Even so, gradually, inevitably the stories came out. I found a girl (really, just a girl) crying in the toilets and offered her a hug. My heart broke for her. How could someone so young survive something like this? Then I spoke to a man who had lost his wife soon after his baby had been born. She'd developed cancer while she was pregnant. 'That's so sad,' I said feebly and he nodded wearily. He had told this story before. And then there was my online friend, who had given birth to her only child two weeks after her partner had been killed in a bike accident. She was choosing funeral flowers when she should have been choosing baby clothes. 'How do you survive something like that?' I found myself thinking, kicking myself at the same time because I already know the answer. You survive because you have to.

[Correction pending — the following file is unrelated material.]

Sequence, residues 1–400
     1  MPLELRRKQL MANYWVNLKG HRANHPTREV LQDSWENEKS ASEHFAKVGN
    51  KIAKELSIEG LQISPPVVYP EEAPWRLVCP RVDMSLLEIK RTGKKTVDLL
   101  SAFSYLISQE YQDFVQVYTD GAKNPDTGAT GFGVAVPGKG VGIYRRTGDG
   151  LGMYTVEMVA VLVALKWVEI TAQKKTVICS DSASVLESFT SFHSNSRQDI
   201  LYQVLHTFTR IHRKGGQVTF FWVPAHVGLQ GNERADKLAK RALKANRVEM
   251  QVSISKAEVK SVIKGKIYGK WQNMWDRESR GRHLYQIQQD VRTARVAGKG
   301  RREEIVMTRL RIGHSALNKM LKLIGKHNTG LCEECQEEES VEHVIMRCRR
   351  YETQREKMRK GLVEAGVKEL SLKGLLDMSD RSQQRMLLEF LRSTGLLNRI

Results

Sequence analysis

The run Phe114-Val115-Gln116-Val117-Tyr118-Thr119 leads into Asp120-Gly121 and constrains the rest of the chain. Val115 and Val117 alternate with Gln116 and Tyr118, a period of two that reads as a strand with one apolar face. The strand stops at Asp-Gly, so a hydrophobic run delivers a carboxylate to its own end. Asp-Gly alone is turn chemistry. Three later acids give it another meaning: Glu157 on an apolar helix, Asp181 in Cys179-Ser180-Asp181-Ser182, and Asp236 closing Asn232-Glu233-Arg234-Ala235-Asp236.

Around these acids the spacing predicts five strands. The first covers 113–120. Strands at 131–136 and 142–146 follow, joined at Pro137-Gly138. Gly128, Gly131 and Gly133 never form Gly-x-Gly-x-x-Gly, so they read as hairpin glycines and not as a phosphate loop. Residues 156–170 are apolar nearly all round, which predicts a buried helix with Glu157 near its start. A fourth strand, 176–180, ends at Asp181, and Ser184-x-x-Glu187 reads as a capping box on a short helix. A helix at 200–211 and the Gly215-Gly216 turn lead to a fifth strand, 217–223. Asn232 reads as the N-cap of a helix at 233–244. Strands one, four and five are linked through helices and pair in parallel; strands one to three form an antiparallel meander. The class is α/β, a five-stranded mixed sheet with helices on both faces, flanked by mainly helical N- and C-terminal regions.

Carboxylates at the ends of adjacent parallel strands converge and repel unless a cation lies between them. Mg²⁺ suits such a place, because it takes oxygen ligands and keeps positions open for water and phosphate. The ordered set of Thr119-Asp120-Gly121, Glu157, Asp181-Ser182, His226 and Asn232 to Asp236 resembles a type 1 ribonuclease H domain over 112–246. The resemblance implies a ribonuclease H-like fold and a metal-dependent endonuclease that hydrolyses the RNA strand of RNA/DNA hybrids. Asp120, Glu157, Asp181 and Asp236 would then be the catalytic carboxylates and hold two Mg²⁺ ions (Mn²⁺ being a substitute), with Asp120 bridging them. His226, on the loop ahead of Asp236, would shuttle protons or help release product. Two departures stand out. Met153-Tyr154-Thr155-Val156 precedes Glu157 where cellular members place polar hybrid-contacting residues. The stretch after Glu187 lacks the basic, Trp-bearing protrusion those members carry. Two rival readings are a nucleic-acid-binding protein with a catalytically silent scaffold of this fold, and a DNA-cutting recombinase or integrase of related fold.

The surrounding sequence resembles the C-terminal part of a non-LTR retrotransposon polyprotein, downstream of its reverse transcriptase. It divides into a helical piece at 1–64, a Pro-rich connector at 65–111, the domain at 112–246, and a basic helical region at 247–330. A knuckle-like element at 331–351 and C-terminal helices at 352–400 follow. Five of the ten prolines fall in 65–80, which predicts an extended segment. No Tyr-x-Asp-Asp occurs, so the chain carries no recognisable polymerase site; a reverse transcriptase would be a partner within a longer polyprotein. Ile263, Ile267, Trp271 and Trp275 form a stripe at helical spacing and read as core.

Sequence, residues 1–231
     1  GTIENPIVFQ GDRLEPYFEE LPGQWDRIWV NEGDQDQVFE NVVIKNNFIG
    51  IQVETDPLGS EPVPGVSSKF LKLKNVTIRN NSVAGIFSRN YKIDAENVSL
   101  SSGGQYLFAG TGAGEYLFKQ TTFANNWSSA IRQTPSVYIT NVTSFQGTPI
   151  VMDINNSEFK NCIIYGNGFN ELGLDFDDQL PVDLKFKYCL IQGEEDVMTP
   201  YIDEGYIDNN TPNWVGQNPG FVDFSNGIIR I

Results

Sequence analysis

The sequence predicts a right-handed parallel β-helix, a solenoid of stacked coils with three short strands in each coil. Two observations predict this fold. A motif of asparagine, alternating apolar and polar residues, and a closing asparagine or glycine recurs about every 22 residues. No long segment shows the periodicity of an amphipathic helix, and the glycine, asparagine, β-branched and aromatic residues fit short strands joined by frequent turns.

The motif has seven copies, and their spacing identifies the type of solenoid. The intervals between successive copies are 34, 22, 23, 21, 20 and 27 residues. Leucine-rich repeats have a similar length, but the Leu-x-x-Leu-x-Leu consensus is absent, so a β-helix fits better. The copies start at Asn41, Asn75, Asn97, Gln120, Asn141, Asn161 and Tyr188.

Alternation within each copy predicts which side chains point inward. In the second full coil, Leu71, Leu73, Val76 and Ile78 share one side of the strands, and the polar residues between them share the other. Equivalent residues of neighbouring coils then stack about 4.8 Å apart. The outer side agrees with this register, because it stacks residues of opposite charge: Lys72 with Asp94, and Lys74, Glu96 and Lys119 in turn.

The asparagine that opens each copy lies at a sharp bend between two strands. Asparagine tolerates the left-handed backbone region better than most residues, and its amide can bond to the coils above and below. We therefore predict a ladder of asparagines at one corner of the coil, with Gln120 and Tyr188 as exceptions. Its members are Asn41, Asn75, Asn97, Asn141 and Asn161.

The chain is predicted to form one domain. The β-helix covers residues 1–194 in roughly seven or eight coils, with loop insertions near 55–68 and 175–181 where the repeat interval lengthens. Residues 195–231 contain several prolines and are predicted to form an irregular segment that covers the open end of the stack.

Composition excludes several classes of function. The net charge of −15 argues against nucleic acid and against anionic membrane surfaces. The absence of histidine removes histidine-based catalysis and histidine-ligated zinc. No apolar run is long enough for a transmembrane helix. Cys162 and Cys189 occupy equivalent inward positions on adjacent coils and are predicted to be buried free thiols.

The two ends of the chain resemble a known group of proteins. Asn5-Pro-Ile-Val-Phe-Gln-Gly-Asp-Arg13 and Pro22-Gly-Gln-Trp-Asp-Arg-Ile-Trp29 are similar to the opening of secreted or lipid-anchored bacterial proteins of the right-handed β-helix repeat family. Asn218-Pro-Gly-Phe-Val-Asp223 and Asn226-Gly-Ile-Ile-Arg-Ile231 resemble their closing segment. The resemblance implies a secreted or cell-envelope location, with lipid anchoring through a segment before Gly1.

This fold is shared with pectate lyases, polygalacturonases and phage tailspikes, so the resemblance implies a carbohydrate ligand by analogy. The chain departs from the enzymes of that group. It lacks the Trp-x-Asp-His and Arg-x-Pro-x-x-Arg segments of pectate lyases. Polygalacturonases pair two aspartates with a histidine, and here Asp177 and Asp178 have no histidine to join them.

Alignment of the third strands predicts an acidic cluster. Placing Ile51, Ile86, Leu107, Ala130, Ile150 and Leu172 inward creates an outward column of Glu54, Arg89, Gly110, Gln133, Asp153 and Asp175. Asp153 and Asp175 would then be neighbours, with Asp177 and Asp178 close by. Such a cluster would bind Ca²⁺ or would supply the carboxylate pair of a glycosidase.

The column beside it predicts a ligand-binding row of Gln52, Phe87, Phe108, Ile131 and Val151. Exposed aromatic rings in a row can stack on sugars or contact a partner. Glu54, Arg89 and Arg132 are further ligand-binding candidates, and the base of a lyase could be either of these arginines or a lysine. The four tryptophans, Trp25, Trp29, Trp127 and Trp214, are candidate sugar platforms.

As I sit here, a year on, I find myself reflecting, not just on my enormous loss and sadness but at the resilience of the human spirit. Sure, my grief is still deep and I still cry a lot. I still wish that I could rewind time and bring Paul back. I wish I could undo this long year of pain. And I know that grief will not be tied up neatly at the end of this year but will go on in some form for as long as love goes on (forever). But I can also see how far I have come. I have moved house and started new ventures. I have let go of the work that was weighing me down and now only do work that I love. I have written more than ever before and made new friends. I am even, very tentatively, dating again. And I experience joy, like sunshine between clouds of sadness, on a regular basis. Slowly I am building a new life for myself. What's more, I can tell you how I did it. And this is how.